Knocking on the door are the Kansas City Chiefs, who have third-year phenom Patrick Mahomes. The offense should be even better in Mahomes’ second full season as a starter given the pairing of speedster rookie receiver Mecole Hardman with Travis Kelce and Tyreek Hill. The predicament with the Chiefs, as it was last year, is the defense, and despite adding safety Tyrann Mathieu and defensive end Frank Clark in the offseason, they will likely suffer from the losses of safety Eric Berry and defensive ends Dee Ford and Justin Houston. The Chiefs were second to last in terms of yards allowed per game last year, and I don’t expect to see enough of an improvement for the unit above the disaster that it was last year.
Around the league
The second-year safety was diagnosed with a stress fracture of the fifth metatarsal of his right foot and will continue to be evaluated, the team announced.
James will be out a significant amount of time, but how much remains to be determined, NFL Network Insider Ian Rapoport reported, per a source.
James injured his foot Thursday at practice.
After just one season in the NFL, James has established himself as one of the most highly regarded safeties in football.
As a rookie, he earned All-Pro and Pro Bowl distinctions, notching 105 tackles (75 solo) to go with three interceptions, 13 passes defended and 3.5 sacks, building a reputation for standout play against the run, in coverage and even rushing the quarterback.
Gordon, who was suspended Dec. 20 for violating the terms of his reinstatement under the league’s substance abuse policy, filed for reinstatement last week.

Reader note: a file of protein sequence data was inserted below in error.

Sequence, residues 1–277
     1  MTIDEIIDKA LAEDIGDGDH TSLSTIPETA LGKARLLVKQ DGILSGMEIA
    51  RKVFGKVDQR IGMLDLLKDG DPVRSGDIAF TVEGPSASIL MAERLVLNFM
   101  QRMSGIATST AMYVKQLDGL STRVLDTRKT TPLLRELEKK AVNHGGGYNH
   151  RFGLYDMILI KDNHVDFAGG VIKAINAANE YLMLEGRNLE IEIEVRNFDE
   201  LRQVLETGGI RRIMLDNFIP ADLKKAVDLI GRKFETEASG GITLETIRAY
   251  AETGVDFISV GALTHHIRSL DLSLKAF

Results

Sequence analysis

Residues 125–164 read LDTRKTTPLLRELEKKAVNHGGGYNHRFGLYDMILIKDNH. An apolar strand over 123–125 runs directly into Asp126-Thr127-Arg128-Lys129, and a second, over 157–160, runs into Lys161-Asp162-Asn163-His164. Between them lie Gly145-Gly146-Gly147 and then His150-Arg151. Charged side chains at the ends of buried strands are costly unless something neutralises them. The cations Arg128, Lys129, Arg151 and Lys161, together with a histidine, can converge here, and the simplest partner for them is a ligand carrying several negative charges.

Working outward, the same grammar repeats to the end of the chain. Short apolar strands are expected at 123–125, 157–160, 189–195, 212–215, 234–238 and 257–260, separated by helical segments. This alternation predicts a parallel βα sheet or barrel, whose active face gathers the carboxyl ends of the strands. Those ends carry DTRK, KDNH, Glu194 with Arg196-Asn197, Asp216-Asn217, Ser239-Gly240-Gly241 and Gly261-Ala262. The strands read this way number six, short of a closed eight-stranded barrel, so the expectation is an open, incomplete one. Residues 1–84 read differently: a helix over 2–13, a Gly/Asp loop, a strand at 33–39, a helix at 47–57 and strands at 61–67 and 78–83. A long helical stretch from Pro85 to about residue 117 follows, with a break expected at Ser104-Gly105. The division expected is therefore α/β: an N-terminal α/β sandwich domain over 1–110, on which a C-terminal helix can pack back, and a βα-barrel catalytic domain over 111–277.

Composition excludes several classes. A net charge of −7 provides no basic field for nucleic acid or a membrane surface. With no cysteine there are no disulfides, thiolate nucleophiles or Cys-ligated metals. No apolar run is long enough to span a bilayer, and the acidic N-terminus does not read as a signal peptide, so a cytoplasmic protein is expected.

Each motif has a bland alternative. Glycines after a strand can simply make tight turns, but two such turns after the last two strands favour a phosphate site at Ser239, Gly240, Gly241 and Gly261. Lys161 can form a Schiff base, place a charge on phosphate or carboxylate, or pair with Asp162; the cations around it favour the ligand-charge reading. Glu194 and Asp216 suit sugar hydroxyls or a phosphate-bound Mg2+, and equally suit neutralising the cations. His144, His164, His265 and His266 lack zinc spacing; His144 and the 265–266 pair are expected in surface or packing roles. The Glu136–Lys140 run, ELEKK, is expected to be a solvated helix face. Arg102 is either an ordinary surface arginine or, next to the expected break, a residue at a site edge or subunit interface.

NFL commissioner Roger Goodell had sole discretion on Gordon’s status.
”We are all rooting for Josh to succeed, both personally and professionally,” Goodell said in a statement Friday. “Everyone shares in that hope and will continue to support him to every extent possible. But as Josh acknowledged, ultimately his success is up to him.”
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4. Herb Miller
Miller, 21, has been garnering the attention of the Chiefs staff all summer. He stood out enough during his tryout at the rookie minicamp to be signed to the 90-man roster. Now he’s one of the first cornerbacks off the bench — or at least he was against the Bengals. Once the starters came out, the cornerbacks were second-year player D’Montre Wade, rookie sixth-round pick Rashad Fenton and Miller.
He performed well overall. He gave up two receptions on four targets for 20 yards — allowing a 25.0 passer rating when targeted. He also nabbed an interception on a Hail Mary thrown right before halftime.
Miller continued to look good in practice this week. At best, he is likely destined for a practice squad spot — but watch how he performs this week against a talented young receiving corps in Pittsburgh. If he continues to impress the team, he may be able to play himself into an active roster spot.